The report announcement was accompanied by the creation of a 15-member Commission for Agricultural Education Excellence. The commission will operate under the concurrent authority of PDA and PDE, and is charged with assisting in the development of a statewide plan for agricultural education and coordinating the implementation of related programming with both departments.

“Farming isn’t the only agriculture-related career pathway,” Education Secretary Pedro A. Rivera said. “Other careers include engineering and design, law, finance, environmental planning, and sales – at its heart, agriculture education is STEM education. Promoting agriculture education is an investment in the next generation of leaders of Pennsylvania’s top industry.”

In his 2018-19 budget, Governor Wolf proposed PAsmart – a first-of-its-kind workforce development proposal to invest $50 million for STEM and computer science education, support hands-on technical education programs, and encourage employers and schools to work together to help students get the skills employers need. The proposal provides for an additional $10 million investment in career readiness programs, allowing high school students to earn both a diploma and post-secondary credentials and helping non-traditional students and workers earn post-secondary credits and credentials aligned to in-demand careers.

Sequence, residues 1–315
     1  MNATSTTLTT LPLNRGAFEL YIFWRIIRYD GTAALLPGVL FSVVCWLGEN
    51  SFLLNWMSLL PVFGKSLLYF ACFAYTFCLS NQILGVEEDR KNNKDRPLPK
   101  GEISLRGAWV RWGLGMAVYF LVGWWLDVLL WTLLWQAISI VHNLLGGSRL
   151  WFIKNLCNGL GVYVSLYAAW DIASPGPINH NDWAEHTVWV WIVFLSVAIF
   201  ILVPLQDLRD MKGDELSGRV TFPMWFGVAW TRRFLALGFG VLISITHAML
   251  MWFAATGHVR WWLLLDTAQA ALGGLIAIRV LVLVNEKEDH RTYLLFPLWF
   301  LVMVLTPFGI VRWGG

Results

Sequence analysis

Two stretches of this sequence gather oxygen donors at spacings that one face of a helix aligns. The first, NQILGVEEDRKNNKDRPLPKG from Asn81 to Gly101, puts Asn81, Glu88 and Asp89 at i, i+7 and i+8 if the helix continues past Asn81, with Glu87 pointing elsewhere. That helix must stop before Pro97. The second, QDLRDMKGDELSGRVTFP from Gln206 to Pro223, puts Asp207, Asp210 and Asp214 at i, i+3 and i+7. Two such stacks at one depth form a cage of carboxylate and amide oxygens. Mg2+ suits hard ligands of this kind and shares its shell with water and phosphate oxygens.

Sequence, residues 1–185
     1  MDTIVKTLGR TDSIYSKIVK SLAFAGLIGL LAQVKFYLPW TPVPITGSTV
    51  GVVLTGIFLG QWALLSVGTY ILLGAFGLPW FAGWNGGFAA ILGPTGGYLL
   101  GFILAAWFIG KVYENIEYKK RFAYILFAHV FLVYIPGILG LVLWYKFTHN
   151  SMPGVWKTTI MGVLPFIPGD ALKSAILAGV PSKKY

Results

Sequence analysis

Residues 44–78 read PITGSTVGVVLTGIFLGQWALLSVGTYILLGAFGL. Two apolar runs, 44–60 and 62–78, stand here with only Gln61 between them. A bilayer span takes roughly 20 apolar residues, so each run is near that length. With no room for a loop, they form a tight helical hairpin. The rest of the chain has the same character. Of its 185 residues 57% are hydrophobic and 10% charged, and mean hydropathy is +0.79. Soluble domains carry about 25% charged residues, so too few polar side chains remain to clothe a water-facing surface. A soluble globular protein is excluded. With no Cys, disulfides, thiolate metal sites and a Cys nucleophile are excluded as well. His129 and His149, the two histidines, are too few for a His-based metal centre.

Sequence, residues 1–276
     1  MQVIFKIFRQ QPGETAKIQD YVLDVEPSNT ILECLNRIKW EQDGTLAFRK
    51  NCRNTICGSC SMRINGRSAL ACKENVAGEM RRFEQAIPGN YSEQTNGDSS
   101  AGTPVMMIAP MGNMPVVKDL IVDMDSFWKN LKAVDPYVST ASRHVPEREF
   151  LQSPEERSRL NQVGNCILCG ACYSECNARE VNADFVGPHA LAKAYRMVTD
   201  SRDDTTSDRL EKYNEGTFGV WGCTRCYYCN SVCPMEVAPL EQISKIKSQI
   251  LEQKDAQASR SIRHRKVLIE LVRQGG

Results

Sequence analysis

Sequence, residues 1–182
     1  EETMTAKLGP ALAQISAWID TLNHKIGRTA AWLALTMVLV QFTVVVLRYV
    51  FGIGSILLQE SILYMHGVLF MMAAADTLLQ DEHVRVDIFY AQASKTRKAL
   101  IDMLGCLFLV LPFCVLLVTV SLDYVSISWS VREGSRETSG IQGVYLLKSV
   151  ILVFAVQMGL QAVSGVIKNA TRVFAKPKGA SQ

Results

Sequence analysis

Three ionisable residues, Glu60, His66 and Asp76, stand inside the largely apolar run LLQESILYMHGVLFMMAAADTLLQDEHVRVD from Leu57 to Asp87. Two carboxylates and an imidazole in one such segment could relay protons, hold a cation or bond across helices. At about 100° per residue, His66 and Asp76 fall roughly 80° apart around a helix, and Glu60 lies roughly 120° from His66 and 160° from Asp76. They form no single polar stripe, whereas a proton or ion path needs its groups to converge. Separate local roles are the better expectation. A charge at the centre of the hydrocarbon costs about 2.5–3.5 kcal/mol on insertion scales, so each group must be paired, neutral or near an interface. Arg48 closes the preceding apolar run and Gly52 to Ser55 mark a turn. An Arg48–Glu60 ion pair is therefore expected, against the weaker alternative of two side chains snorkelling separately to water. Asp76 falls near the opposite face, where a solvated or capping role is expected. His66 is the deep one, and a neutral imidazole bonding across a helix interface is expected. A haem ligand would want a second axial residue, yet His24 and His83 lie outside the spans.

Agriculture is a $135 billion industry facing an aging workforce. Attrition, growing demand for certain products, and advancing technologies will result in a workforce deficit in a number of career paths over the next decade. Of those anticipated vacancies, the department has identified the 25 most in-demand occupations, which span sectors like production agriculture; animal health and veterinary services; landscaping; food manufacturing, forestry, lumber and wood products; and conservation and natural resources.